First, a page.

It was a bittersweet moment for Joel. “We did all this work together but we didn’t get to have the celebration,” he says, laughing at the memory.
Bittersweet, that is, until Joel received a phone call from Chris, inviting him to the graduation ceremony.
“To be included in this celebration of success, that was a special moment,” he says.
“And now Chris is in college.”
Sometimes, Joel says, people don’t understand why he invests his time in kids in custody.
“I tell them that, yes, some youth have made poor decisions and done some pretty rotten stuff, but at the end of the day, these boys are going to be someone’s neighbour again.”
“What kind of person do you want living beside you? Someone resentful and angry because he made a mistake and was punished for it? Or do you want someone who has been shown kindness and compassion, has worked on better decision-making, has developed skills and can go into the workforce and pay taxes instead of costing taxpayers money?”
“Most people respond to that. Especially the taxpayer part,” he says with a laugh.
He becomes serious, but still cheerful, when speaking of his personal beliefs.
“I’m a man of God and it’s not my job to judge. My Lord has put me in this place and I feel very blessed that I get to come here every day.”
* The student’s name has been changed.
Construction, connections and care
Between work on the LRT and water line replacement, ‘construction’ is a four-letter word in KW these days. Ray of Hope was impacted when the Region of Waterloo acquired our building at 1080 King Street East for the Ottawa street expansion. But what could have been a negative situation has turned into an opportunity for our youth programs.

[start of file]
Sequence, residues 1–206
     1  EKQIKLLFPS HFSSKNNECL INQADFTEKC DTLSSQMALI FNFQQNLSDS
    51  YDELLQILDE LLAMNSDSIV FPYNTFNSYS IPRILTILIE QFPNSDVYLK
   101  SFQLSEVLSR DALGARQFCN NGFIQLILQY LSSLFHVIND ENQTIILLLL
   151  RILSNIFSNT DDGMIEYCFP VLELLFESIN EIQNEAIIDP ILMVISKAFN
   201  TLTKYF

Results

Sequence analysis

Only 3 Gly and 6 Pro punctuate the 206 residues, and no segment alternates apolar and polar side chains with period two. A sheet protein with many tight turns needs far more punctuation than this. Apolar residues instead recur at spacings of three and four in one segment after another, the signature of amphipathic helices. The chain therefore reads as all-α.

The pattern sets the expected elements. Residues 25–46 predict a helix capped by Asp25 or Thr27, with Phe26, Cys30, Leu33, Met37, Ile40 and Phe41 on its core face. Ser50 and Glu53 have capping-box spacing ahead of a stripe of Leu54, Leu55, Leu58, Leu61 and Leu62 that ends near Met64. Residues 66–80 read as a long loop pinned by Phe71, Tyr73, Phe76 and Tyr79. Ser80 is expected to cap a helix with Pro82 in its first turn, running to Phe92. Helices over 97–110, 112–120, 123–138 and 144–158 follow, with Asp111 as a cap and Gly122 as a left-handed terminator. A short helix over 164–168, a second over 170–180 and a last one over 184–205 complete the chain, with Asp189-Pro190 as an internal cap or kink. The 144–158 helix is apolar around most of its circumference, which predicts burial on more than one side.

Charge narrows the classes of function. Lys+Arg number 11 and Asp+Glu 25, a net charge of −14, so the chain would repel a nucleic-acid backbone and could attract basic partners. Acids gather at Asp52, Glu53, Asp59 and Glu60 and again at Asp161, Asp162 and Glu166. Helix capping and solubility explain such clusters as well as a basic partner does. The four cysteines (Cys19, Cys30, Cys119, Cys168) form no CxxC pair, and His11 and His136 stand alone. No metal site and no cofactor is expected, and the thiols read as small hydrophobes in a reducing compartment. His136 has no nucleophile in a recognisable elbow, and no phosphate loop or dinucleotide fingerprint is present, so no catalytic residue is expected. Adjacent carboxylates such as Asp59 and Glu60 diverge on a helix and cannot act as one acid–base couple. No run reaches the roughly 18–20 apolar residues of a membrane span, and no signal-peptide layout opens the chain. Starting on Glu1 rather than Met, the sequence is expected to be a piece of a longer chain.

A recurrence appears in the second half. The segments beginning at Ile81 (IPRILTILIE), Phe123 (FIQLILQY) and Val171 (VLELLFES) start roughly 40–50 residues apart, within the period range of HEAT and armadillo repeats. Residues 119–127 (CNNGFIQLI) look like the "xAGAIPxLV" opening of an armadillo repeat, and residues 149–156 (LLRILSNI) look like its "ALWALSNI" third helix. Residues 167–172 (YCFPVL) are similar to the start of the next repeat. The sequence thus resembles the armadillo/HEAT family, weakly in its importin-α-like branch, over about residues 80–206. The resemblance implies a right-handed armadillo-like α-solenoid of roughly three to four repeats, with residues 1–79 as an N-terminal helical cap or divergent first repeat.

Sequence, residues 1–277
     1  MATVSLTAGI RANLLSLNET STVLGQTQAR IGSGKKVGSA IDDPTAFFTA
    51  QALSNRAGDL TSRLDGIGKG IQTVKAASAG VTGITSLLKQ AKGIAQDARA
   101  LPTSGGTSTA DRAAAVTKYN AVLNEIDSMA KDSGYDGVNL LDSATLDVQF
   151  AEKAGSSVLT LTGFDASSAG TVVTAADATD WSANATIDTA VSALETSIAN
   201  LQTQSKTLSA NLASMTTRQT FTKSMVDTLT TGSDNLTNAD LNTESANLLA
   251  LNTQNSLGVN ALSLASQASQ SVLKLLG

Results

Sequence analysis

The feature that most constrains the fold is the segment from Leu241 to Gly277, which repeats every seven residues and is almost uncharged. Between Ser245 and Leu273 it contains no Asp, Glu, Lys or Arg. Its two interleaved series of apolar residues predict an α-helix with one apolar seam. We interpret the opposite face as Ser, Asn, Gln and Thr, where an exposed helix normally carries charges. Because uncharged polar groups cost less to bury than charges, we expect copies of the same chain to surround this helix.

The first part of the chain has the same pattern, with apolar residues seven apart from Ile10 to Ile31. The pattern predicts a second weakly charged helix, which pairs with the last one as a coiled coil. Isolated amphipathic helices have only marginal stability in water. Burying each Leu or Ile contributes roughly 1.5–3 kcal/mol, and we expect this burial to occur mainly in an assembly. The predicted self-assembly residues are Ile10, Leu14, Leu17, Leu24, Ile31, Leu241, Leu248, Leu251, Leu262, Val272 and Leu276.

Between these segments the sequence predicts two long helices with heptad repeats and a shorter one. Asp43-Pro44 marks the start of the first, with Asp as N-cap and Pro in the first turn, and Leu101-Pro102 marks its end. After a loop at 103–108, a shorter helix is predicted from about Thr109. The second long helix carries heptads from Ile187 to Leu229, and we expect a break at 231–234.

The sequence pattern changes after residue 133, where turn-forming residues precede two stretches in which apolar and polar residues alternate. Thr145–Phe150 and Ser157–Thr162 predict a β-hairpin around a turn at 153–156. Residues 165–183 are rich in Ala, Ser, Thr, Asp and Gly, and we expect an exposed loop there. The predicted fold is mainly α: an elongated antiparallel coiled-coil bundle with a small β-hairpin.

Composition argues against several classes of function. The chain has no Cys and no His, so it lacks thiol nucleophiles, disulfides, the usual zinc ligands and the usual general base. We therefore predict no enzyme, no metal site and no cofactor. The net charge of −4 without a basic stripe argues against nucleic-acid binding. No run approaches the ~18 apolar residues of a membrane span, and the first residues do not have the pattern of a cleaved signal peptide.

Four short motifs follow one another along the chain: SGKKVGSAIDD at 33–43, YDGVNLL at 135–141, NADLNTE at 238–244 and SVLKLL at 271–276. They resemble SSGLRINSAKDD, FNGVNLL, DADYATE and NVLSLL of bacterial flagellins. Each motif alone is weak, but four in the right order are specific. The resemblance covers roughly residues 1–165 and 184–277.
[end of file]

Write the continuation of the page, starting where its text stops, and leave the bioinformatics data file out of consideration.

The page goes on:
The search for suitable office space proved difficult as any new space needed to be on a bus route.
“Most of the youth who use our services rely on public transit to get around the city,” says Dan Wideman, Ray of Hope’s Chief Operations Officer.
The most affordable option turned out to be in the Ray of Hope main office building at 659 King Street East. But unfortunately, that meant that tenant Faith FM had to move.
“We looked at other office space but at $8 to $10 more per square foot, it didn’t make sense to subsidize Faith FM at the expense of our own programs,” Dan says. “We were able to give them six months’ notice and, fortunately, they were able to find new space with help from their supporters.”
The 2,440 square feet on the upper level of 680 King will be converted into space for the Youth Addictions Day Treatment Program, as well as offices for staff.
In addition, the former Better Business Bureau building at the rear of 680 King will house classrooms and offices for the Alternative Education and Youth Work Experience programs. Downstairs, a program space with a full kitchen will be available for life skills training.
Bringing the different programs into closer proximity will make serving participants much easier, Dan notes.
“Youth in these programs have similar needs in common. Employment is one issue that many of them struggle with and substance abuse is often part of the picture, too.”
Having a program hub means it’s easier for participants to transition from one program to another, both physically and emotionally. They’ll come to know staff in other programs through day-to-day interactions. At the same time, they’ll continue to have the support of staff whom they’ve come to trust in their current program.
When it comes time to transfer, “staff from one program can walk over with the youth, they can all sit down together and talk about the transition,” Dan says.
And for young people who’ve regularly experienced upheaval in their lives, that consistency and connection can make all the difference.
Renovations on the former BBB building have already started and work in the main building will begin as soon as permits are approved. The move to the new space is scheduled for February.
On the lookout
Can you help provide one of these items for our programs? If so, please call 519-578-8018.